At least I didn’t run away and become a prostitute like many young women did at the time. The best-selling book “Go Ask Alice” was made into a movie not long before my family moved up to the country. The horrors described in detail by the unfortunate young girl who wrote this served as a grim reminder of the dangers of the world I was growing up in. Becoming a parent at such a tender age was not easy, but to me it seemed it was my salvation. And looking back on the culture I was living in, I see how I didn’t consciously choose this for myself, but I did go along with it. I didn’t see any safe alternatives. And I definitely chose to become pregnant. And even though my situation was no where as glamorous as the setting Lori Maddox found herself during the same era, it was the same type of cultural acceptance that contributed to our experiences (in my case we kept my relationship secret from school teachers but some found out as it was such a small town).

Lori Maddox still doesn’t think of her experience with David Bowie as rape, and I didn’t think of my early introduction to a serious intimate relationship resulting in pregnancy and marriage as wrong, or that I was coerced into it in any way. I followed my feelings and was allowed to do whatever I wanted, as long as I did my chores and got good grades. I played the family hero at the time, and learned to take care of others long before learning more about myself. I thought of myself as a mountain woman. And I loved reading books about young women long ago who married even younger than I had, along with many other books. This was a huge source of comfort. I always loved reading, another blessing my mom did help encourage in many ways.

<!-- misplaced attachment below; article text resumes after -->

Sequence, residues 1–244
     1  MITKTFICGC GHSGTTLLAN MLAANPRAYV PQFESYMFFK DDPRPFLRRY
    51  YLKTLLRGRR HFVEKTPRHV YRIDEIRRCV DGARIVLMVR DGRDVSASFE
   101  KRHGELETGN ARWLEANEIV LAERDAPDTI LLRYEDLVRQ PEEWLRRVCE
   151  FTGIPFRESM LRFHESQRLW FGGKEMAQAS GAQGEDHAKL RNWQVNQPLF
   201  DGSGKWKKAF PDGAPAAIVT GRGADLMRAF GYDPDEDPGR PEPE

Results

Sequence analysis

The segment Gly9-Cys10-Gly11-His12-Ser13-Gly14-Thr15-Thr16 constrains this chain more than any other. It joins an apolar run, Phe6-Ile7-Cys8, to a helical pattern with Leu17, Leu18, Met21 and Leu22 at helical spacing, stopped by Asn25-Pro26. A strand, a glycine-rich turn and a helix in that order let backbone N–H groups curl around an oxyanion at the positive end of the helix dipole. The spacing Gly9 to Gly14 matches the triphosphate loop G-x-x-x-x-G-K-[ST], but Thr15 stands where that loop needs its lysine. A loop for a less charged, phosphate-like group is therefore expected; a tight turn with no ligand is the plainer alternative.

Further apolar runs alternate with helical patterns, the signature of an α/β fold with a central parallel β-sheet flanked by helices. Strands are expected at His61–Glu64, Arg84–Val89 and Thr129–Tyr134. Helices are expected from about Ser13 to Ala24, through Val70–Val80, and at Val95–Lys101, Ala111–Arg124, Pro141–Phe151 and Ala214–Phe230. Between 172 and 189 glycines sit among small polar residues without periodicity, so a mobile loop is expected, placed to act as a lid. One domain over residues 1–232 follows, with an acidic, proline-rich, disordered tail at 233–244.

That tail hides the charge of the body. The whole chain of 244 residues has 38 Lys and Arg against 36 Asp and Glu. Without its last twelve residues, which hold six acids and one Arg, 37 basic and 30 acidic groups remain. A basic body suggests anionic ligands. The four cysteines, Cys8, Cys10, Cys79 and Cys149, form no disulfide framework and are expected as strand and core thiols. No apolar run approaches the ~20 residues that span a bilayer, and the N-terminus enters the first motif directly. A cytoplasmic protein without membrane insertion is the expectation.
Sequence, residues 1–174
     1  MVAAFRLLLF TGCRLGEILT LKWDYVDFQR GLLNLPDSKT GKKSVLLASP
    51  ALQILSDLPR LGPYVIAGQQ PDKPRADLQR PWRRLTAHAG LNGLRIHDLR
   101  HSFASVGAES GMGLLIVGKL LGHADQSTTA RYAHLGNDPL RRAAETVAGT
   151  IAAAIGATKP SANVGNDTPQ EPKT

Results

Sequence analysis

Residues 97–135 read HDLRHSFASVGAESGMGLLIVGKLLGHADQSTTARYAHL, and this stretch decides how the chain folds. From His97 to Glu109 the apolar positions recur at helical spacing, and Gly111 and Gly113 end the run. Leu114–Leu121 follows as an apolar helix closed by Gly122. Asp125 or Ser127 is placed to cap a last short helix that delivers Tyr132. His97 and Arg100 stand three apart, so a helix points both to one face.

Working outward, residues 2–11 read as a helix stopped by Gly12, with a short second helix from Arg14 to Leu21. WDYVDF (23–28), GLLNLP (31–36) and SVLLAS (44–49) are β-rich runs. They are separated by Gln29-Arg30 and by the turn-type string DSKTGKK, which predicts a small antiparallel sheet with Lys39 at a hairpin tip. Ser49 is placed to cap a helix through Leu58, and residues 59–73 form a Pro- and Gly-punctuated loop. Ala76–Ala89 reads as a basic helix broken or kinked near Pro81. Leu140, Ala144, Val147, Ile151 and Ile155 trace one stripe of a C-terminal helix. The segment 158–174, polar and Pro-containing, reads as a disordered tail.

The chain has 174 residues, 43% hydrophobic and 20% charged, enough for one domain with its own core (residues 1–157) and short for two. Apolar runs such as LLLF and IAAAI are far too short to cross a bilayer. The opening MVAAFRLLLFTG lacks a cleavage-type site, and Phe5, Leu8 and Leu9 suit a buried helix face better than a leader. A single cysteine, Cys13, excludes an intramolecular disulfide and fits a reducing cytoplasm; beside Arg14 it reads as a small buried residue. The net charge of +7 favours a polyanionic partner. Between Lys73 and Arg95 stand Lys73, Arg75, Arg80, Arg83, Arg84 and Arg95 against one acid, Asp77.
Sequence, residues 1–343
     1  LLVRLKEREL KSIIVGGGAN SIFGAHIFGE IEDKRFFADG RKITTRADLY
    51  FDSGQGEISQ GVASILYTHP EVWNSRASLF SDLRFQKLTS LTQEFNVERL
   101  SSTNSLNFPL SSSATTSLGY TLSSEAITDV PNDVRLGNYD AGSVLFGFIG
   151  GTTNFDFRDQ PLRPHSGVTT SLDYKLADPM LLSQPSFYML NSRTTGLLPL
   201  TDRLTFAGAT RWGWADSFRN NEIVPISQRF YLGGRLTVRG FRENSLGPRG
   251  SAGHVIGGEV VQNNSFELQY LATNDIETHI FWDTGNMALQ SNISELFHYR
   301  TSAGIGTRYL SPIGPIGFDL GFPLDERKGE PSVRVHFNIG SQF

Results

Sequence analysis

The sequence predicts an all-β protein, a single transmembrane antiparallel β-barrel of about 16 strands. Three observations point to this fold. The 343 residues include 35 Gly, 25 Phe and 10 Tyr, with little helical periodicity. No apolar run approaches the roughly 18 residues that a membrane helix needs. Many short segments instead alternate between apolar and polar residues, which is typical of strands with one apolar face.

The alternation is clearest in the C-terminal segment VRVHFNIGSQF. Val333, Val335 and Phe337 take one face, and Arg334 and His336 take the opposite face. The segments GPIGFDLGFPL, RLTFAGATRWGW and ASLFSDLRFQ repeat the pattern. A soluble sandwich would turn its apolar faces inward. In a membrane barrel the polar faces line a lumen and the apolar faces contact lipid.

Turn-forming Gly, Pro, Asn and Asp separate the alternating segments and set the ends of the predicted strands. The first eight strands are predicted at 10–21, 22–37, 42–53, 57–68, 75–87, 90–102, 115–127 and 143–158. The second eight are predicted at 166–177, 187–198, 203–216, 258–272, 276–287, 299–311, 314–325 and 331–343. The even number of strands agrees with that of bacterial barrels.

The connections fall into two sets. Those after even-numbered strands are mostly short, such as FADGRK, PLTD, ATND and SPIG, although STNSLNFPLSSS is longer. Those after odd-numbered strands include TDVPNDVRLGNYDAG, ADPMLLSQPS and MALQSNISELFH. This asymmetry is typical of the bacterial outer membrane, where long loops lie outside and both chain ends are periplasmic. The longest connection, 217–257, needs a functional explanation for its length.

My marriage fell apart as I neared 20 and wished to return to school. I had a spiritual awakening in northern California at Campbell Hot Springs, which was run by Leonard Orr at the time, and is not far from Mt. Shasta. My mom and I were working at a New Age bookstore in Madrid at the time, and brought some books and music CDs with us for our booth. My mom and sisters and daughter and I were then blessed to hang out with healers from around the world. We sang songs of love and peace for humanity. We even met Sandra Orr. We were rebirthed many times in the wonderful natural hot mineral springs there. My kundalini rose and I felt my connection to all of humanity. Felt like I was walking about six inches above the ground. A Navajo Medicine Man taught us a rain dance. We all danced together before our departure and it began to rain. It rained and rained (there had been a serious drought) and the rain followed our car across the Mojave Desert all the way back to New Mexico. It seems our car itself was shining, but it was probably just that I was overflowing with bliss, so my perception changed. This was during one of the many times my mom found sobriety and was doing quite well, a shining beacon in the community and quite hard working single mom. There were many times she found the program and those are the memories I cherish to this day.